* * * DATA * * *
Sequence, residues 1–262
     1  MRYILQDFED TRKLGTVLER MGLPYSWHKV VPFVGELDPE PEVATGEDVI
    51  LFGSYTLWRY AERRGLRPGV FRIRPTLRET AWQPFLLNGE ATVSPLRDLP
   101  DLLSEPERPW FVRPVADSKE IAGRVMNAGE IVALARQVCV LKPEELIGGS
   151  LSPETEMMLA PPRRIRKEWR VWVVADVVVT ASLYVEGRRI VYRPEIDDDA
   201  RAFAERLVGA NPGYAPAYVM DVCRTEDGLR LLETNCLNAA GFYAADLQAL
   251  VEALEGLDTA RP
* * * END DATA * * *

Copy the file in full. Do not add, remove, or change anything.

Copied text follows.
Sequence, residues 1–262
     1  MRYILQDFED TRKLGTVLER MGLPYSWHKV VPFVGELDPE PEVATGEDVI
    51  LFGSYTLWRY AERRGLRPGV FRIRPTLRET AWQPFLLNGE ATVSPLRDLP
   101  DLLSEPERPW FVRPVADSKE IAGRVMNAGE IVALARQVCV LKPEELIGGS
   151  LSPETEMMLA PPRRIRKEWR VWVVADVVVT ASLYVEGRRI VYRPEIDDDA
   201  RAFAERLVGA NPGYAPAYVM DVCRTEDGLR LLETNCLNAA GFYAADLQAL
   251  VEALEGLDTA RP